The Political Fight Looming After Ruth Bader Ginsburg’s Death a Reminder That Elections Matter

Ruth Bader Ginsburg portrait/Photo by Steve Petteway, Collection of the Supreme Court of the United States
Ruth Bader Ginsburg portrait/Photo by Steve Petteway, Collection of the Supreme Court of the United States

“This story is being reprinted in Texas Metro News as part of a partnership with The Dallas Morning News.”

By Gromer Jeffers Jr.
Dallas Morning News Writer

The death of Supreme Court Justice Ruth Bader Ginsburg has crystallized what should be apparent to all Americans.

Elections matter.

Ginsburg was a remarkable justice whose career was defined by her fight for women’s rights and other progressive issues. Known in her later years of The Notorious RBG, Ginsburg was a mentor to numerous women in the legal field, and an inspiration—at age 87—to a legion of younger Americans that were captivated by her grit and grace.

Since 2016, Ginsburg has also been a character in the political struggle to control the Supreme Court, and she’s a reminder of how progressives and Democrats bungled the 2016 election, paving the way for President Donald Trump to make two — and now likely three—Supreme Court appointments.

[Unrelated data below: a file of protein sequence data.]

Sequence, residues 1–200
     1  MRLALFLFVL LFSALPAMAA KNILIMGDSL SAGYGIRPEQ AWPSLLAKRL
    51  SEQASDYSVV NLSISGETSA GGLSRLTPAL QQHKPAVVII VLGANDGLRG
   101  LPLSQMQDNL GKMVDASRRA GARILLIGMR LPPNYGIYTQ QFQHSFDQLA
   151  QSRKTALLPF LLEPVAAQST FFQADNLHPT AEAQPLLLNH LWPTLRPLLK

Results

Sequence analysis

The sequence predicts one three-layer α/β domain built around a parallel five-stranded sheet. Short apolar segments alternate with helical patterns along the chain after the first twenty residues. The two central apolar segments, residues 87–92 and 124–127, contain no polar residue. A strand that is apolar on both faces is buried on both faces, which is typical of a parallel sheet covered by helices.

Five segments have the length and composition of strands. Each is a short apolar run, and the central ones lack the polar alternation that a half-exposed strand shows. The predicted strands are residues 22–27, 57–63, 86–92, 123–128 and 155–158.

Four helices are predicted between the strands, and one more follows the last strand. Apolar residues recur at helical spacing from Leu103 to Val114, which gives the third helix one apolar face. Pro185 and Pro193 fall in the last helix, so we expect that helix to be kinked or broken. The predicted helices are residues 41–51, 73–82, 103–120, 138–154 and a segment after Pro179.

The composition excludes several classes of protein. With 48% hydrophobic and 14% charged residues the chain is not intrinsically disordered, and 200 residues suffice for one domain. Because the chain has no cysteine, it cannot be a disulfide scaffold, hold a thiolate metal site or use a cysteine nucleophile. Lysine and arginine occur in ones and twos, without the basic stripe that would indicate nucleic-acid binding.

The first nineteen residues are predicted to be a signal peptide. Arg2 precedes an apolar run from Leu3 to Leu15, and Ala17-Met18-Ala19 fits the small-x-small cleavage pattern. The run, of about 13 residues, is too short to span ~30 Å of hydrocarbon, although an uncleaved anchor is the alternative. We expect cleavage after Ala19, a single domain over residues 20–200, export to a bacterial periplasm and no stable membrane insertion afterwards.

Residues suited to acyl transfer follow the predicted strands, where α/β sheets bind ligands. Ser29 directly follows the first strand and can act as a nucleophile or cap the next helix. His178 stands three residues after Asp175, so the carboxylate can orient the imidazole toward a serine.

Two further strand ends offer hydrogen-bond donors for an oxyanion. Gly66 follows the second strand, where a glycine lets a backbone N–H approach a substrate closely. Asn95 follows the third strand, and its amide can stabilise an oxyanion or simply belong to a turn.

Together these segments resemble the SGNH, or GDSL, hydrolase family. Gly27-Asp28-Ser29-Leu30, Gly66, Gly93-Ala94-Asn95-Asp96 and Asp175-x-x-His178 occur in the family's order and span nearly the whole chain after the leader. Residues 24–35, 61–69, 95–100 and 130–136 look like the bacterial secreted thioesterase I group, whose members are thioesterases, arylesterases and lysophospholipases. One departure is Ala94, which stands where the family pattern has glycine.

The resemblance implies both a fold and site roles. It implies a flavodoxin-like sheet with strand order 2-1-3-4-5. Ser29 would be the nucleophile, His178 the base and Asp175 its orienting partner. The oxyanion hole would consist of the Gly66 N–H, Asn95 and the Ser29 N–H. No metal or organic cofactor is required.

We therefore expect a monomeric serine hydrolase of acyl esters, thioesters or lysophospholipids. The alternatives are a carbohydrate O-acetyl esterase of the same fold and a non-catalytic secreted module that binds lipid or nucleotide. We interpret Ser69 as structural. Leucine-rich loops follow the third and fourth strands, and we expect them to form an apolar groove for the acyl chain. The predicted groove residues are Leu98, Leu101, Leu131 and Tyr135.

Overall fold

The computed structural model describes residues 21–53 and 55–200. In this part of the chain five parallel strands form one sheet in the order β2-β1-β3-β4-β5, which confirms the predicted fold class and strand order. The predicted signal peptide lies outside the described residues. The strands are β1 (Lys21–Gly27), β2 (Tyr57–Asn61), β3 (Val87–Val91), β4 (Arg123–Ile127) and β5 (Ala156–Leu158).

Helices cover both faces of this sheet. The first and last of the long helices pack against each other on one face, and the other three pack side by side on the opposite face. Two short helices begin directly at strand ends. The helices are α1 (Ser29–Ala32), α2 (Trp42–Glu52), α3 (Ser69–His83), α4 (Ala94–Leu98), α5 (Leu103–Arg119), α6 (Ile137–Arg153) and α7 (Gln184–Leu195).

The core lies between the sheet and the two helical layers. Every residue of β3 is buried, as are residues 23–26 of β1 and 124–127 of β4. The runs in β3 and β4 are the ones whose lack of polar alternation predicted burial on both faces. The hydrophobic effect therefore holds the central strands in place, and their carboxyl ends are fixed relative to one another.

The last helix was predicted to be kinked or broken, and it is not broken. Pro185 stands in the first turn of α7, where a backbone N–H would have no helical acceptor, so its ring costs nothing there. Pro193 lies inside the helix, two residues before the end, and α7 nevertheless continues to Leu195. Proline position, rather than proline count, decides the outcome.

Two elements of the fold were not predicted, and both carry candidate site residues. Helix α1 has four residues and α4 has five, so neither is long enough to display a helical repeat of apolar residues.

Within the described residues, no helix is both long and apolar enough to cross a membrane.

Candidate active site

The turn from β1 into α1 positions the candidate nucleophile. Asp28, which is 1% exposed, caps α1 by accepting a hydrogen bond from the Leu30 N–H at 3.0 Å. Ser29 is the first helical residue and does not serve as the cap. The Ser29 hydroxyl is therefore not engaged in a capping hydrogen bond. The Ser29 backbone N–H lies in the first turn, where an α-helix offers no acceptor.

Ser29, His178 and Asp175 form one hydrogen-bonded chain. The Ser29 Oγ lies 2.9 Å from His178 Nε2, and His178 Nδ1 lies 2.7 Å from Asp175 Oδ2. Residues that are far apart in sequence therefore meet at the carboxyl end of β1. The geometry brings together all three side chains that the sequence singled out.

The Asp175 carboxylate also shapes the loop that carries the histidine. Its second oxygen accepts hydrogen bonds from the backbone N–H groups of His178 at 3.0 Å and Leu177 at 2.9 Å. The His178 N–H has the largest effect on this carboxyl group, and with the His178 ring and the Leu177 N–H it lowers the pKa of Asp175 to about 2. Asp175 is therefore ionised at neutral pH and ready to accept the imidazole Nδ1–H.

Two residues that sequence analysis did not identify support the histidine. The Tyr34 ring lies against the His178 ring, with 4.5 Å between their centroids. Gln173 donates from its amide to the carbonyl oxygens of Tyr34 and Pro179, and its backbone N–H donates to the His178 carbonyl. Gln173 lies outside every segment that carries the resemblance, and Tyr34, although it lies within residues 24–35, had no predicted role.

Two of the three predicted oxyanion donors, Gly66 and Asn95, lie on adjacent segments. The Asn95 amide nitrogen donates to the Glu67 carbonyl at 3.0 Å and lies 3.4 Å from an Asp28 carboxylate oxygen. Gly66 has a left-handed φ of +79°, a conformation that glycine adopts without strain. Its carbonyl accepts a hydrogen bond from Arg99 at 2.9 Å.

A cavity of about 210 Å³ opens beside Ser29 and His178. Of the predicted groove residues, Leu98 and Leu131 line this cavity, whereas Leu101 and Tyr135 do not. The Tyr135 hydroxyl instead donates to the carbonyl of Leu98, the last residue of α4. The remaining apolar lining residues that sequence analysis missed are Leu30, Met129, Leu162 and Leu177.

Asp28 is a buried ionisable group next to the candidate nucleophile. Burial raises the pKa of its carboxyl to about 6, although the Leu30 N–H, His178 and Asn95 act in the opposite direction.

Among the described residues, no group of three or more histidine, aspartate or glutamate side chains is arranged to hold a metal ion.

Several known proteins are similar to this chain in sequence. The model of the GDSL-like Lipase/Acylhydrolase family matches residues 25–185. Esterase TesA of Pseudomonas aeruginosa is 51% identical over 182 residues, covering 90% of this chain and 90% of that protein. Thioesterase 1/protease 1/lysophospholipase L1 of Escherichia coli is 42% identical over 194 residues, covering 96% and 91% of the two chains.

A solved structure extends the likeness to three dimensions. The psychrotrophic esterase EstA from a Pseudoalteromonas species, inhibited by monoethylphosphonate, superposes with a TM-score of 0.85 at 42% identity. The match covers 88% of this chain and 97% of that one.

“It’s going to be the lasting legacy of Donald Trump. He’ll probably appoint three Supreme Court justices,” said Dallas immigration lawyer Eric Cedillo. “That’s scary for a lot of people and it could impact issues related to health care, abortion rights and the LGBTQ community. It’s a proposition that will hopefully keep the minds of people open to other reasons why presidential elections are so important.”

Cedillo said the hypocrisy of some Republicans on whether Trump should nominate someone to replace Ginsburg or wait until the term of the next president begins is not lost on him, and perhaps other Americans.

When Supreme Court Justice Antonin Scalia died in Texas, then President Barack Obama nominated Merrick Garland to replace him 11 months before the November 2016 election. But Senate Majority Leader Mitch McConnell refused to give Garland’s nomination a hearing, insisting that the American people should decide the matter by electing Trump or former Secretary of State Hillary Clinton.

Other Republicans sang the same song, including Texas Sens. Ted Cruz and John Cornyn, as well as South Carolina’s Lindsey Graham, who is now chairman of the Senate Judiciary Committee.

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Gromer Jeffers Jr., political writer. The Howard University graduate and Chicago native has covered four presidential campaigns and written extensively about local, state and national politics. Before The News, he was a reporter at The Kansas City Star and The Chicago Defender. You can catch Gromer every Sunday at 8:30 am on NBC 5’s Lone Star Politics.